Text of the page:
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Once at Mia: When art was always in bloom

This week, the Friends of the Institute will host the 33rd annual Art in Bloom festival at Mia. It may well be 75 degrees outside. But the first AIB, back in 1983, introduced flowers into the museum after a spate of particularly long, snowy winters at a time when winter was much colder and longer in Minnesota than it is now. More than a foot of snow fell in the Twin Cities on April 14.

Having plants in the galleries broke a taboo that still persists, for reasons of art conservation: humidity, bugs, detritus. But almost a century ago, plants were everywhere in the museum—they were a standard part of exhibition design.

The photo above was taken in 1933, around the time that the Friends raised funds to buy the walnut benches for the fountain court. It doesn’t appear to be a special occasion. Flowers often decorated the fountain. Indeed, the Friends likely had something to do with that—the fountain, which dates to the 1500s, was given to Mia in 1920 by Friends founder Ethel Morrison Van Derlip, whose father—Clinton Morrison—donated the land for the museum.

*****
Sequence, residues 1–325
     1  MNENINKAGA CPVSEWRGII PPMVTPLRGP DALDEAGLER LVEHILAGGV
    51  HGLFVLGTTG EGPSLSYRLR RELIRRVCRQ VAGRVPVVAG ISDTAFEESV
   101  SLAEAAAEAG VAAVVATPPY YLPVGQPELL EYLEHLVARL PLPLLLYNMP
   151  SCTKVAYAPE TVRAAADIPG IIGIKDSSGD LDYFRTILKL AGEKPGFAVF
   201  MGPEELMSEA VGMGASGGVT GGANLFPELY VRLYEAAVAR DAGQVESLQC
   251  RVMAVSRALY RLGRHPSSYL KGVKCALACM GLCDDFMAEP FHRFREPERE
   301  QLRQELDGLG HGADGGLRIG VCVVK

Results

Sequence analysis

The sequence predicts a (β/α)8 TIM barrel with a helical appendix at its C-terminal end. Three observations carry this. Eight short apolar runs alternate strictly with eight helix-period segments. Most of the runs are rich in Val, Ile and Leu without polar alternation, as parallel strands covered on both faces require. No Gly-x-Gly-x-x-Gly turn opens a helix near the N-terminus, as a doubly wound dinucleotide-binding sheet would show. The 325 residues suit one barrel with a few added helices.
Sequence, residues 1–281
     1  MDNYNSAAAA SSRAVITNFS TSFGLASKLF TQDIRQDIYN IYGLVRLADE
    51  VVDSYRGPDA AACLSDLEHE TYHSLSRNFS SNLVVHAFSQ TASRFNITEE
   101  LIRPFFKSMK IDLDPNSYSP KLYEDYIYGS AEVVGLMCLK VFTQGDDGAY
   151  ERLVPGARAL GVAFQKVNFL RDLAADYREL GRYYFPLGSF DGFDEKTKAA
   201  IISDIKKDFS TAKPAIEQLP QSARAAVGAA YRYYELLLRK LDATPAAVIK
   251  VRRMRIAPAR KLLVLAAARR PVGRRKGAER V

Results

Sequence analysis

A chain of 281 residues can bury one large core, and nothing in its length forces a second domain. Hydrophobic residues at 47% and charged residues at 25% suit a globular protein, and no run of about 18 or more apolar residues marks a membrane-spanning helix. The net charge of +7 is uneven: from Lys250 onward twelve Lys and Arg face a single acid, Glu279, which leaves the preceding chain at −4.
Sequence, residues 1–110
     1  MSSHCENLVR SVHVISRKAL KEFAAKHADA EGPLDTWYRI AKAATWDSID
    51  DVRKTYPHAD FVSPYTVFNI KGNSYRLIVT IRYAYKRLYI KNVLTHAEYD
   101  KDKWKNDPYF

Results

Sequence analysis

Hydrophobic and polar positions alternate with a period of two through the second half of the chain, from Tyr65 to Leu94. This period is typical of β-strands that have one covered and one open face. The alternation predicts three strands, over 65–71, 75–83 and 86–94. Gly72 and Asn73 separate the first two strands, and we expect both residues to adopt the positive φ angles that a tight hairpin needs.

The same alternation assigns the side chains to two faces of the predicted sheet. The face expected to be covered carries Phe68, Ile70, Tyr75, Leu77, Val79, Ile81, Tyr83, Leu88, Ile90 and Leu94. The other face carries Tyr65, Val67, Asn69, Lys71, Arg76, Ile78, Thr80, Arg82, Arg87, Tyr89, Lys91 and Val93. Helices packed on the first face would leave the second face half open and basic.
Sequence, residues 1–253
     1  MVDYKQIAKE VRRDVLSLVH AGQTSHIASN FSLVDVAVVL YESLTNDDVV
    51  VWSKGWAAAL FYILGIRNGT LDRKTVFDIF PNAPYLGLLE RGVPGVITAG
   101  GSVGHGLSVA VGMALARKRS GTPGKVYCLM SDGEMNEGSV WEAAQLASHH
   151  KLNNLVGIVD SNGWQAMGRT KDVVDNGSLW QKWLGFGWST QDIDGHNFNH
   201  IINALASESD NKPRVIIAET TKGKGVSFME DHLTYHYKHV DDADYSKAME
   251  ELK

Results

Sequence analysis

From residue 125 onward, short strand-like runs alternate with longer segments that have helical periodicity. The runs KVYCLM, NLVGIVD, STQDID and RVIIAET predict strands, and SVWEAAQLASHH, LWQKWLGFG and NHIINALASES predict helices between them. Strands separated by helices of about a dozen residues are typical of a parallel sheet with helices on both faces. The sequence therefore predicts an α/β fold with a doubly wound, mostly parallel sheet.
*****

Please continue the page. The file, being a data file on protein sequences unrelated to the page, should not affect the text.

Mia galleries in 1919.

Mia galleries in 1919.

The photo at right shows the museum’s main exhibition space in 1919, with ferns and other greenery accenting an exhibition of bronze sculpture. When Mia unveiled its Titian painting, in 1925, it appears that the museum planted the picture, no pun intended, in the curtained niche to the right. Ferns had been a Victorian mania in Britain, from the 1850s until the turn of the century, a trend that may have trickled across the pond. Certainly it seems to have taken root in American art galleries, and American art museums—always looking over their shoulders at Europe—might have followed suit.

MIA 2; McKim, Mead and White Museum Building; Interior

The fountain court in 1954.

The fountain, in any case, remained a floral attraction for decades. The color photo at right shows it in 1954, decorated by the Friends for Easter.